Video: Three-Dimensional Linear Transformations

Grant Sanderson • 3Blue1Brown • Boclips

Three-Dimensional Linear Transformations

04:45

Video Transcript

Hey folks! I’ve got a relatively quick video for you today, just sort of a footnote between chapters. In the last two videos, I talked about linear transformations and matrices, but I only showed the specific case of transformations that take two-dimensional vectors to other two-dimensional vectors.

In general throughout the series, we’ll work mainly in two dimensions, mostly because it’s easier to actually see on the screen and wrap your mind around. But more importantly than that, once you get all the core ideas in two dimensions, they carry over pretty seamlessly to higher dimensions. Nevertheless, it’s good to peak our heads outside of flatland now and then to, you know, see what it means to apply these ideas in more than just those two dimensions.

For example, consider a linear transformation with three-dimensional vectors as inputs and three-dimensional vectors as outputs. We can visualize this by smooshing around all the points in three-dimensional space, as represented by a grid, in such a way that keeps the grid lines parallel and evenly spaced and which fixes the origin in place. And just as with two dimensions, every point of space that we see moving around is really just a proxy for a vector who has its tip at that point, and what we’re really doing is thinking about input vectors “moving over” to their corresponding outputs. And just as with two dimensions, one of these transformations is completely described by where the basis vectors go. But now, there are three standard basis vectors that we typically use: the unit vector in the 𝑥-direction, 𝑖-hat; the unit vector in the 𝑦-direction, 𝑗-hat; and a new guy, the unit vector in the 𝑧-direction called 𝑘-hat.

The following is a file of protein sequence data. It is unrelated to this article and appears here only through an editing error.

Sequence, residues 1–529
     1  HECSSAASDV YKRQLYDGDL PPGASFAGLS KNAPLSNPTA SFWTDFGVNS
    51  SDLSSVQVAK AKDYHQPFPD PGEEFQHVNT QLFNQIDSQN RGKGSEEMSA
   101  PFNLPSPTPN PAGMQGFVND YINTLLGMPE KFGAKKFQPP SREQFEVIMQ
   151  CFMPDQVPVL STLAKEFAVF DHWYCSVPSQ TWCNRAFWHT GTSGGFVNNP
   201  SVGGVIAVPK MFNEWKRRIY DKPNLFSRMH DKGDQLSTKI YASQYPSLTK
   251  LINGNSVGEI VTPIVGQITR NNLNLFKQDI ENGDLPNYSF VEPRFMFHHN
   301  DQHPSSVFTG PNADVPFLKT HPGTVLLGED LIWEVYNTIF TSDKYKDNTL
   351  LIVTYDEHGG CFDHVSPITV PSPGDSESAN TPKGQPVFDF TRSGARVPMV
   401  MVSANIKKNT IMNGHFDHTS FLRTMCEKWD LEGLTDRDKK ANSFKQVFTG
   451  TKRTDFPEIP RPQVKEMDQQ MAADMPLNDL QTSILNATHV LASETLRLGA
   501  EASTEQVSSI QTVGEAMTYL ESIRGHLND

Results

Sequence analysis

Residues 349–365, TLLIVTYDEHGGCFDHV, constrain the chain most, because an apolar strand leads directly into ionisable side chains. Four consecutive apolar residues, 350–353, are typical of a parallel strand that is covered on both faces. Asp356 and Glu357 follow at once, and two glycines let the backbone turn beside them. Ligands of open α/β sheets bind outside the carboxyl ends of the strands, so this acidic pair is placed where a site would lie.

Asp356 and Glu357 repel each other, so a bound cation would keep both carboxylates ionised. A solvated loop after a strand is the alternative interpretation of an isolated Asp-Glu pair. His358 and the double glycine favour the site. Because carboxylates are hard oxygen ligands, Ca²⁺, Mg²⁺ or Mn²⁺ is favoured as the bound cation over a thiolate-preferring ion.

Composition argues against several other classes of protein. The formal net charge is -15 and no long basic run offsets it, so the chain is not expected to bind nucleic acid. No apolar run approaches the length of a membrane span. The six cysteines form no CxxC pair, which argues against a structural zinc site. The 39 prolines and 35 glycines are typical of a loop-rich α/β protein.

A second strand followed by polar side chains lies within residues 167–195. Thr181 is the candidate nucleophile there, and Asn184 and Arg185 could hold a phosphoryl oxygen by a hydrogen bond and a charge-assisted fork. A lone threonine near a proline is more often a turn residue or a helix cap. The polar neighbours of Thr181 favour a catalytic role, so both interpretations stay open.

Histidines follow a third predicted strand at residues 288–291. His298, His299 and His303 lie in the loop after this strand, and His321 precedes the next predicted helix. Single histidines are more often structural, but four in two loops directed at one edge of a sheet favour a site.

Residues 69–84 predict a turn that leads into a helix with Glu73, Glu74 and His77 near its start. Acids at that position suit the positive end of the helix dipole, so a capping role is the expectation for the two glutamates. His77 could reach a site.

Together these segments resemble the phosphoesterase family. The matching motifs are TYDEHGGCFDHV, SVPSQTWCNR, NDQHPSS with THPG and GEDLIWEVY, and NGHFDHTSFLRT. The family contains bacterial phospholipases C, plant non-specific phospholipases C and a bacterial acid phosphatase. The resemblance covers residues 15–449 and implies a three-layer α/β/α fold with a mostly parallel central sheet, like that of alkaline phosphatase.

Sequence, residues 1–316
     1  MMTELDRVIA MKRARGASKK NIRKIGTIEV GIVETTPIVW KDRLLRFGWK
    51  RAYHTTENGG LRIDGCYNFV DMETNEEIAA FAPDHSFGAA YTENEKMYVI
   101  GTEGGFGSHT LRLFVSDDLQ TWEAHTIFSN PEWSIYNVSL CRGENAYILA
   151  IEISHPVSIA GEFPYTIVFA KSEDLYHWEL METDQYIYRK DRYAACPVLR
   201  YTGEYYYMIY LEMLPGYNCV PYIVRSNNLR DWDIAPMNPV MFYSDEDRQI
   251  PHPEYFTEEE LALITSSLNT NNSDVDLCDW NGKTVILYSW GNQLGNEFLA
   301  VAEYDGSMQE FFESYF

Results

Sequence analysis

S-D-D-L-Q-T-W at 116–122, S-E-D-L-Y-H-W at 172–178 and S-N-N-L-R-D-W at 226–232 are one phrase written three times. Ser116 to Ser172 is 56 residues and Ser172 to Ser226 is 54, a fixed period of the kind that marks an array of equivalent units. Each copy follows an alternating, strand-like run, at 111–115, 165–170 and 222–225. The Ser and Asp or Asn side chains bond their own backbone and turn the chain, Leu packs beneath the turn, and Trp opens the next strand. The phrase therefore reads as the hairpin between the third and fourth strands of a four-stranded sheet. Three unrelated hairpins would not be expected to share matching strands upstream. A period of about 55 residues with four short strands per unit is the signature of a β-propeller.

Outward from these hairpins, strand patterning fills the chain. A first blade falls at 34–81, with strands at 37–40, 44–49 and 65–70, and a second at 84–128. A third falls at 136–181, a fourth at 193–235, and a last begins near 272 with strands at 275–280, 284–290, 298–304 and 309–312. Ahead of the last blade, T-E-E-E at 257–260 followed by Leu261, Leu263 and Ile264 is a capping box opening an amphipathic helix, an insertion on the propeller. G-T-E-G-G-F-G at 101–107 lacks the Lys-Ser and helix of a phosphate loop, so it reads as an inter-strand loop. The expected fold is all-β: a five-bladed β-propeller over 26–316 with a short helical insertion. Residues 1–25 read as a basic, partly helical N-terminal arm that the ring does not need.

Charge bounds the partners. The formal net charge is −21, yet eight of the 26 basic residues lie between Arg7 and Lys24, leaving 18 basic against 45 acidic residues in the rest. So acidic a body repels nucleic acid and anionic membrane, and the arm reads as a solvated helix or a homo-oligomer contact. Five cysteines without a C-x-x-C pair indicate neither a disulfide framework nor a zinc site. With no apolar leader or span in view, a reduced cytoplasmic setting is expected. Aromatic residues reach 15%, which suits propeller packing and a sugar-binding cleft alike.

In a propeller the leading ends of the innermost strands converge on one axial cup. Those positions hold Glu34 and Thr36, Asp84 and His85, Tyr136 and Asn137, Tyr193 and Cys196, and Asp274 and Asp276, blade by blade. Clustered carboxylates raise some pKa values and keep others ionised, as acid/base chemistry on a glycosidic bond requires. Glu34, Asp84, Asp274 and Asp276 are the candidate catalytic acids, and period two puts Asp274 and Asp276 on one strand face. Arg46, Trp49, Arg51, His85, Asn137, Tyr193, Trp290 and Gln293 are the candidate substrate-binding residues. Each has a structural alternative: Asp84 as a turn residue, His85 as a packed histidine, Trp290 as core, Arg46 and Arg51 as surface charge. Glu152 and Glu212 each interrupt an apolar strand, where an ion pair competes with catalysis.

In fact, I think it’s easier to think about these transformations by only following those basis vectors since the full 3D grid representing all points can get kinda messy. By leaving a copy of the original axes in the background, we can think about the coordinates of where each of these three basis vectors lands. Record the coordinates of these three vectors as the columns of a three-by-three matrix. This gives a matrix that completely describes the transformation using only nine numbers. As a simple example, consider the transformation that rotates space 90 degrees around the 𝑦-axis. So that would mean that it takes 𝑖-hat to the coordinates zero, zero, negative one on the 𝑧-axis. It doesn’t move 𝑗-hat so it stays at the coordinates zero, one, zero. And then 𝑘-hat moves over to the 𝑥-axis at one, zero, zero. Those three sets of coordinates become the columns of a matrix that describes that rotation transformation.

To see where vector with coordinates 𝑥𝑦𝑧 lands, the reasoning is almost identical to what it was for two dimensions: each of those coordinates can be thought of as instructions for how to scale each basis vector so that they add together to get your vector. And the important part, just like the 2D case, is that this scaling and adding process works both before and after the transformation. So to see where your vector lands, you multiply those coordinates by the corresponding columns of the matrix and then you add together the three results. Multiplying two matrices is also similar. Whenever you see two three-by-three matrices getting multiplied together, you should imagine first applying the transformation encoded by the right one then applying the transformation encoded by the left one. It turns out that 3D matrix multiplication is actually pretty important for fields like computer graphics and robotics since things like rotations in three dimensions can be pretty hard to describe, but they’re easier to wrap your mind around if you can break them down as the composition of separate, easier-to-think-about rotations.

Performing this matrix multiplication numerically is, once again, pretty similar to the two-dimensional case. In fact, a good way to test your understanding of the last video would be to try to reason through what specifically this matrix multiplication should look like, thinking closely about how it relates to the idea of applying two successive transformations in space.

In the next video, I’ll start getting into the determinant.

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